According to a federal judge, the Justice Department has filed its first criminal case involving the alleged use of cryptocurrency to evade US economic sanctions.
The judge wrote, “Issue One: virtual currency is untraceable? WRONG … Issue Two: sanctions do not apply to virtual currency? WRONG.”
The feds have caught someone attempting to circumvent sanctions by using cryptocurrency
U.S. Magistrate Judge Zia M. Faruqui of Washington, D.C., explained why he approved a Justice Department criminal complaint against an American citizen accused of sending more than $10 million in bitcoin to a virtual currency exchange in one of the US government’s comprehensively sanctioned countries: Cuba, Iran, North Korea, Syria, or Russia, in a nine-page memorandum opinion.
Essentially, the defendant used an Internet address in the United States to conspire to operate the payment and remittance system, which included forming a U.S.-based front company to assist in the purchase of domains, using U.S. financial accounts to assist it and its customers, and sending bitcoin to its associated accounts, according to the court.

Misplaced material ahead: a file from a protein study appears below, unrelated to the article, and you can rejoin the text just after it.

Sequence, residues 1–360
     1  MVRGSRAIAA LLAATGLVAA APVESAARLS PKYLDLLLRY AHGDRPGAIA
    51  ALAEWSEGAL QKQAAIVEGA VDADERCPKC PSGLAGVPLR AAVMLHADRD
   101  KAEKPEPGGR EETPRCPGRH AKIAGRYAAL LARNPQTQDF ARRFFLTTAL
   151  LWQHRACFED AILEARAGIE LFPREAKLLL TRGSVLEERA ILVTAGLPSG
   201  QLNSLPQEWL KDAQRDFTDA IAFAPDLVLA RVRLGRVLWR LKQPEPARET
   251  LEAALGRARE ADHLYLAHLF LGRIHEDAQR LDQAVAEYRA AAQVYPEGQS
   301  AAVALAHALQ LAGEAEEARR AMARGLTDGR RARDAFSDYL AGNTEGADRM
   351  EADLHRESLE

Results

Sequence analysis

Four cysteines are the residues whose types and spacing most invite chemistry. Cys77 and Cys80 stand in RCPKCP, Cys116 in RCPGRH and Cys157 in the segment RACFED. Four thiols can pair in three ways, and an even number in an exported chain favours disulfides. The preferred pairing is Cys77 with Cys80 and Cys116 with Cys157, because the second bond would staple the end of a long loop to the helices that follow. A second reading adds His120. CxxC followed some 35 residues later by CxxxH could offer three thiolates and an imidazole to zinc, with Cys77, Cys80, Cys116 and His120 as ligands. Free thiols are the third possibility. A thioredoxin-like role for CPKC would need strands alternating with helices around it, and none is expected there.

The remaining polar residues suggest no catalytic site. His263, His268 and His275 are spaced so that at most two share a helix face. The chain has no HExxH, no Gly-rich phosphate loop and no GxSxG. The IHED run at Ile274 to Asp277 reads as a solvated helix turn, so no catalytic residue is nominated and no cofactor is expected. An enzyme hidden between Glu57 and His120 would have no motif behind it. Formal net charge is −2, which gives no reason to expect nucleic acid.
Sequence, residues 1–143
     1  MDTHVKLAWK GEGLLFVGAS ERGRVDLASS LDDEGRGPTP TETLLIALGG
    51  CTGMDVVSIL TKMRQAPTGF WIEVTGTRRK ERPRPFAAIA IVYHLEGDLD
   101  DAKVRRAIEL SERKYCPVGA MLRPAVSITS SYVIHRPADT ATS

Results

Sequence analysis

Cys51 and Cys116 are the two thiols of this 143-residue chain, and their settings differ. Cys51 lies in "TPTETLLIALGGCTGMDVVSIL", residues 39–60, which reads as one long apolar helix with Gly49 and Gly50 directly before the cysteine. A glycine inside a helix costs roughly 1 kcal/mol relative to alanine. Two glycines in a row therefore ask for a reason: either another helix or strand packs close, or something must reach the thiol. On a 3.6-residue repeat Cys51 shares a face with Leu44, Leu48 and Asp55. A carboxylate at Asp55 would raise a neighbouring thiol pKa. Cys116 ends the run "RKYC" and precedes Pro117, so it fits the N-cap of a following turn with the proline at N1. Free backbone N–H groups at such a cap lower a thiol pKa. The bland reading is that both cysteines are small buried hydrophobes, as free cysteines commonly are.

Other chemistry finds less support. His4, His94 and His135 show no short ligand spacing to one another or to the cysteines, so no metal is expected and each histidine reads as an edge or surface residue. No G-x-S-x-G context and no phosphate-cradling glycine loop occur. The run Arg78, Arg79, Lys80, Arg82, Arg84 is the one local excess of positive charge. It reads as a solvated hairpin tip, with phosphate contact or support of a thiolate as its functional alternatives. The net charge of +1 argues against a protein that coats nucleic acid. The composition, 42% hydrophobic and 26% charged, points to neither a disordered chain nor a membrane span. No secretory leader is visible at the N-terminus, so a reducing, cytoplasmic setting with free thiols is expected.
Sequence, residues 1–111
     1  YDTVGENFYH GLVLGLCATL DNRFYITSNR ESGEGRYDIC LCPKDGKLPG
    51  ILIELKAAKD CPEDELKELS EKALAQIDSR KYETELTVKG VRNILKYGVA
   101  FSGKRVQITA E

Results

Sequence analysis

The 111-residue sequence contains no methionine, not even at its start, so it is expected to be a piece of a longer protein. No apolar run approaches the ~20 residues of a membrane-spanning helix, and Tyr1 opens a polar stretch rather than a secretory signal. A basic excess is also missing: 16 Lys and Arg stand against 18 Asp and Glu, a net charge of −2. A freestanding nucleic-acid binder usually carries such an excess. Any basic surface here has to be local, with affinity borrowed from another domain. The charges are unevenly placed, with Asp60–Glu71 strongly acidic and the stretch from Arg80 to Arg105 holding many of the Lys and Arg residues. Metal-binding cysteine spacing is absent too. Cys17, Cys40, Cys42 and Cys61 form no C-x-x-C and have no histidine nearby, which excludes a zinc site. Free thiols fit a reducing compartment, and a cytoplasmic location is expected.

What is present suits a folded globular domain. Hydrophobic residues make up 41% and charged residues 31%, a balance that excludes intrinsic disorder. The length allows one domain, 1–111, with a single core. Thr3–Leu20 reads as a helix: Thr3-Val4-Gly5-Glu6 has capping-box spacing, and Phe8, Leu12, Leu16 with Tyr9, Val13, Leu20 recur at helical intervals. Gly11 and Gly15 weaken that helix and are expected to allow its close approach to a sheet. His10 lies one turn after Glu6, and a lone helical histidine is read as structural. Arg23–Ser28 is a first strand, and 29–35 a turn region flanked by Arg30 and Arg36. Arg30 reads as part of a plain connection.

The judge dismissed cryptocurrency’s reputation for providing users with anonymity in his decision. While some legal experts argue that virtual currencies like Bitcoin and Ethereum are exempt from US sanctions because they are created and moved outside of the traditional financial system, the Treasury Department’s Office of Foreign Assets Control recently took action that requires federal courts to rule otherwise.
The US Department of Treasury’s Foreign Assets Control (OFAC) office is in charge of administering and enforcing economic and trade sanctions against targeted foreign countries and regimes, terrorists, international narcotics traffickers, and those involved in other fraudulent activities based on US foreign policy and national security goals.
OFAC also administers a number of different sanctions programmes in relation to the case. Sanctions can be broad or narrow, relying on asset freezes and trade restrictions to achieve foreign policy and national security objectives.
Without a licence from OFAC, many sanctions regimes, including the one in question, prohibit the direct and indirect importation, exportation, and re-exportation of goods, services, and technology.
The opinion also noted that Non-US persons or entities are also liable for sanctions violations if they cause a US person or entity to violate OFAC’s regulations.